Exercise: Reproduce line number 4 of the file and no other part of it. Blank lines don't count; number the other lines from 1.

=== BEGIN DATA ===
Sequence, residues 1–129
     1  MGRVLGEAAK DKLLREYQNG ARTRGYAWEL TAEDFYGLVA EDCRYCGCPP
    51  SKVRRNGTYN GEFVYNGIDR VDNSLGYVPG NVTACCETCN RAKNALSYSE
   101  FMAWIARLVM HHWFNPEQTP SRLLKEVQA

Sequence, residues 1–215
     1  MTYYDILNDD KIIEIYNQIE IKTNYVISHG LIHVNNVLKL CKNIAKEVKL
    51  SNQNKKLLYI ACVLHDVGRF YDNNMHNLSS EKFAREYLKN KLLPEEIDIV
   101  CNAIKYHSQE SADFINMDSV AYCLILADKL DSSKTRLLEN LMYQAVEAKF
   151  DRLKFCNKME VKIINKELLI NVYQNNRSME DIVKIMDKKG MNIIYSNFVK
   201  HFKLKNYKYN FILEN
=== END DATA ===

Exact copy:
   101  FMAWIARLVM HHWFNPEQTP SRLLKEVQA